Illumina Opens Apple-Inspired App Store for DNA Software Developers
San Diego-based Illumina has talked openly about how it is inspired by the way Apple integrates hardware and software, and now it’s taking another cue from the consumer technology colossus.
Illumina, the market-leading maker of DNA sequencing instruments, said today it is creating an open platform for genomic software developers to make apps for scientific customers who want to slice and dice through DNA data. This new initiative is called Basespace Apps, and will enable researchers to store their data on cloud computing infrastructure provided by Amazon Web Services, and then make it possible to download various genomic software “apps” to analyze and interpret the data.
The new initiative, being announced today at the Bio-IT World conference in Boston, represents an interesting new way for Illumina to help customers deal with their data-overload problem, while also helping some scrappy startups get some hard-earned visibility for their applications. Essentially, the idea is that Illumina can enhance the value of its MiSeq benchtop DNA sequencing instrument by allowing people outside the company to develop software apps to make the whole hardware/software package more attractive, like the iPhone benefits from its constellation of independently-developed apps.
“If you have a strong position in hardware, it’s very interesting to create a place where people can do a couple different things,” says Alex Dickinson, Illumina’s senior vice president of cloud genomics. “One thing is in the cloud where data is stored and interchanged. But if you can layer on that a world with a lot of bioinformatics players, a lot of people can figure out how they’ll ride the wave.” He adds: “There’s an interesting chance to draw all these concepts together at Basespace.”
There’s definitely potential for various players to see mutual benefits under such a system. Many small genomic software companies struggle to sell their products and get the attention of research customers. Illumina already has the sales relationship with those customers, and while its hardware is widely used and respected, its customers are drowning in data without IT offerings to interpret it all. For the customers, Dickinson says an Illumina-based app ecosystem can provide “1-click access” to interesting software apps without having to do a lot of work hunting around for them at random.
Illumina has been talking with various bioinformatics companies for several months about the possibility of inviting them to develop apps for the Basespace Apps store, and essentially “100 percent said yes,” Dickinson says.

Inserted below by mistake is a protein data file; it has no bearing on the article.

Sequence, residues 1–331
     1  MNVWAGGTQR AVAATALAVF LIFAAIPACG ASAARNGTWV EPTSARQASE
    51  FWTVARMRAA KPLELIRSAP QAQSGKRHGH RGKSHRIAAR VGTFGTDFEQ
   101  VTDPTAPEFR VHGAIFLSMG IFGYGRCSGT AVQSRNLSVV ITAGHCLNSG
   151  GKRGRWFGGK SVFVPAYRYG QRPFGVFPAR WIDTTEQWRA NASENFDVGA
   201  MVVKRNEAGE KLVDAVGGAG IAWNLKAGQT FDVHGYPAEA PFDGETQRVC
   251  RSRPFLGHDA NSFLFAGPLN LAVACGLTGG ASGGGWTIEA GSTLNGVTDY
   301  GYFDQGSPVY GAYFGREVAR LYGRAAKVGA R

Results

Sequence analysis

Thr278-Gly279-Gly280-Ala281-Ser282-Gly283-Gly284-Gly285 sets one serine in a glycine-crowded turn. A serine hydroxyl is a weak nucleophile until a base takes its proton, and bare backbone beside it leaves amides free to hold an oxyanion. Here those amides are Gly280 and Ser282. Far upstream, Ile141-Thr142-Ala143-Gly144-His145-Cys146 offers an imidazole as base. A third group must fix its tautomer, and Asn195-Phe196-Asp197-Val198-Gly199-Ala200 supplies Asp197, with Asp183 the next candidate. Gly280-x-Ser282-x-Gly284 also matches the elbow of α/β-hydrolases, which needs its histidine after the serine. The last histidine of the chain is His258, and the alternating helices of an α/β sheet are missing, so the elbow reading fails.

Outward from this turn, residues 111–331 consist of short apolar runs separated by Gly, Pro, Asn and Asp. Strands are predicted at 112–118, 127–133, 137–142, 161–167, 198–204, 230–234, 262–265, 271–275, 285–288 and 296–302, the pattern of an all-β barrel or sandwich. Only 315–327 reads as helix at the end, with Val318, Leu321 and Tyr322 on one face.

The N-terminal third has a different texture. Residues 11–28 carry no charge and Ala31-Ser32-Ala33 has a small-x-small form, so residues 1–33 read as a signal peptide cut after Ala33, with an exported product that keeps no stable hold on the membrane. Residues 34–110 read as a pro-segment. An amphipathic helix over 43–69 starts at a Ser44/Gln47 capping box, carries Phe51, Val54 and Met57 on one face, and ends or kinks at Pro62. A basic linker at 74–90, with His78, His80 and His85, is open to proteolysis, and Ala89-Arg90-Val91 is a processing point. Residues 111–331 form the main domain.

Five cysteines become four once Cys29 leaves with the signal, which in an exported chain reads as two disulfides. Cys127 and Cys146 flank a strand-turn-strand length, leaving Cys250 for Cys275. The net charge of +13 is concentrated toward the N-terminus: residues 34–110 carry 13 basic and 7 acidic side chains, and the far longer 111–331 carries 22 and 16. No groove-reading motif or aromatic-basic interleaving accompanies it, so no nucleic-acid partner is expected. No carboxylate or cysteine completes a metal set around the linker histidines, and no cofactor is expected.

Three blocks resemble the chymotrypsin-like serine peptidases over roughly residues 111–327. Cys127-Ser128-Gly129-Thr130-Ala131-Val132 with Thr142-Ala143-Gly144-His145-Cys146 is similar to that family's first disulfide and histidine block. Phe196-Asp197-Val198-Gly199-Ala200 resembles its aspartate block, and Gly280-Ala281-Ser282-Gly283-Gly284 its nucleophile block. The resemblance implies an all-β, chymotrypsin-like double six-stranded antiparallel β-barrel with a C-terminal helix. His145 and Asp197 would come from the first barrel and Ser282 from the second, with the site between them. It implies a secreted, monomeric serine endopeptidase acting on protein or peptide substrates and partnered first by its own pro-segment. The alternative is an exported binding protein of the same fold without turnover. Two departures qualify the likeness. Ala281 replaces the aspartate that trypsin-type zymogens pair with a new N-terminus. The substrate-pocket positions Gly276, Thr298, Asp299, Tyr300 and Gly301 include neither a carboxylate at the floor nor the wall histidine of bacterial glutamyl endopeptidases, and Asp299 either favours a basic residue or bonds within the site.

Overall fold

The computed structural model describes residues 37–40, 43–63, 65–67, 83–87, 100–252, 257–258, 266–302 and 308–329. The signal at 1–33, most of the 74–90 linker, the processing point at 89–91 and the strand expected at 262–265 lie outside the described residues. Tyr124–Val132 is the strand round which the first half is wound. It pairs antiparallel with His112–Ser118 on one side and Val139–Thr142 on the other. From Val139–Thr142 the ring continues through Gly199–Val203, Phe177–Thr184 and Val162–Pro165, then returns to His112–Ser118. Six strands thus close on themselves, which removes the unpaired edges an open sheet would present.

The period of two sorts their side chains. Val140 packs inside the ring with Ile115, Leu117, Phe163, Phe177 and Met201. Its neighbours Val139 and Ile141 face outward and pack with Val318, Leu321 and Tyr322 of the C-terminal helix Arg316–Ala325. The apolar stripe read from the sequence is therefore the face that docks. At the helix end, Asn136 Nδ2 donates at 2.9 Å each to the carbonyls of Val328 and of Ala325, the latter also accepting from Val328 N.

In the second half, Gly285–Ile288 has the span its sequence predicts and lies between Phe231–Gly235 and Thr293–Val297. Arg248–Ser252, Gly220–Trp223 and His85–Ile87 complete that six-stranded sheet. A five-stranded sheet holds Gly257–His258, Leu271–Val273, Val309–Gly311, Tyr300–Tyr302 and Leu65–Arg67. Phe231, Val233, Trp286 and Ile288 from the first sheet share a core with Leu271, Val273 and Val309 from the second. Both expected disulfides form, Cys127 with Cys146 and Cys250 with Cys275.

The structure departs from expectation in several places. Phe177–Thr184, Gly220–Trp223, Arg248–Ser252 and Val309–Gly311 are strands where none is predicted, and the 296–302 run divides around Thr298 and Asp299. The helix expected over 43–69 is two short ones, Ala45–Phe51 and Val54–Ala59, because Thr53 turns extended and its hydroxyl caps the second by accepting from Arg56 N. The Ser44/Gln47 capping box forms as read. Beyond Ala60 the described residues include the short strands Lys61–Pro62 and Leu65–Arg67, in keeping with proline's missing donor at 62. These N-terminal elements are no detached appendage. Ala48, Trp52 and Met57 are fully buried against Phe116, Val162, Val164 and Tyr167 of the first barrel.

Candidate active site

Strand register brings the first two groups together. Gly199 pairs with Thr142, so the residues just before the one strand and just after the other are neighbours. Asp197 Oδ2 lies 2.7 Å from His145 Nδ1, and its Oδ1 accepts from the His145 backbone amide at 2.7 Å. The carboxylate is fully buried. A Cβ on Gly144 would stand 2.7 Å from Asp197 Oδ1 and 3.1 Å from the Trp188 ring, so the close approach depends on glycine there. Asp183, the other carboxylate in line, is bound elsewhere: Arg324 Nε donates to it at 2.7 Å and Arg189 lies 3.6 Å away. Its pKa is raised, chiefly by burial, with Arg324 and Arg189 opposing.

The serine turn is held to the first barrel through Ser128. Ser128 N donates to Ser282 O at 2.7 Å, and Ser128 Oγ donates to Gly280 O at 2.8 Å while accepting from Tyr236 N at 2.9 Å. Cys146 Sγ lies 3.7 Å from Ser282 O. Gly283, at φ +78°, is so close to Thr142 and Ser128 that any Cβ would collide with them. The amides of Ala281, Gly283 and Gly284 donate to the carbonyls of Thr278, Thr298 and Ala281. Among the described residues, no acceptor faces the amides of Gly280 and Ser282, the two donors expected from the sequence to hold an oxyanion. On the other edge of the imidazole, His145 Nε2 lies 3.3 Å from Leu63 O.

The group of initial partners includes:
San Diego-based Diagnomics
Victoria, BC-based GenoLogics Life Sciences
Bozeman, MT-based Golden Helix
Redwood City, CA-based Ingenuity Systems
Cambridge, MA-based Knome
Emeryville, CA-based Omicia
Seattle-based Spiral Genetics
San Francisco-based Real Time Genomics
Silicon Valley-based Station X
Spain-based Integromics Inc.
Germany-based Biomax Informatics AG
India-based Strand Life Sciences
Illumina isn’t saying what percentage cut of the revenues it will take from Basespace App store sales, but Dickinson said Apple’s traditional 70/30 split with content providers was a reasonable benchmark. Illumina plans to maintain the billing relationship with customers, and then split proceeds from the app sales with the vendors, he says.
Pricing is still one of the big questions that needs to be worked out before the Basespace Apps program becomes widely available, Dickinson says. Illumina’s Basespace cloud storage system, which runs on Amazon Web Services’ cloud infrastructure, is currently offered free to customers using MiSeq instruments. But that won’t last forever, he says, as Illumina is looking at a monthly subscription fee model for DNA data storage on Basespace.
As for the apps, Illumina is in talks with its partners about how to set up prices, possibly on a pay-per-use basis, Dickinson says. Pricing could vary based on what kind of analysis the customer wants to do, or how computationally intensive it is, he says. It’s possible that Illumina and its partners could agree on a “dynamic pricing” system in which customers can essentially strike up an auction among vendors who will bid to do a certain task through their app, Dickinson says.
Illumina, like Apple does with its App Store, will also be performing the role of a gatekeeper. As sequencing becomes more common with human DNA, and can potentially identify diseases or abnormalities in individuals, Illumina wants to make sure that the data is kept secure, and not misused, Dickinson says. “We want to make sure the apps are reputable and not doing bad stuff. There will be a certain amount of governance,” he says.
There is some time to work out the business models, the technology of the apps, and the governance. The plan is for Basespace Apps to be available to early-access customers in August, and then to the wider group of Illumina customers in September, Dickinson says.
The movement toward an Illumina-based app ecosystem is a big part of a long-term strategy at Illumina, Dickinson says. As sequencing keeps getting faster and cheaper, and eventually moves toward lightweight, portable instruments, there will be ever-greater demand for IT applications to sort through the data. That means customers will want an elegant combination of hardware and software. “We are essentially moving from mainframe to the desktop. In the future, sequencing instruments will get smaller and more mobile, so having a great cloud solution and app store is key,” he says.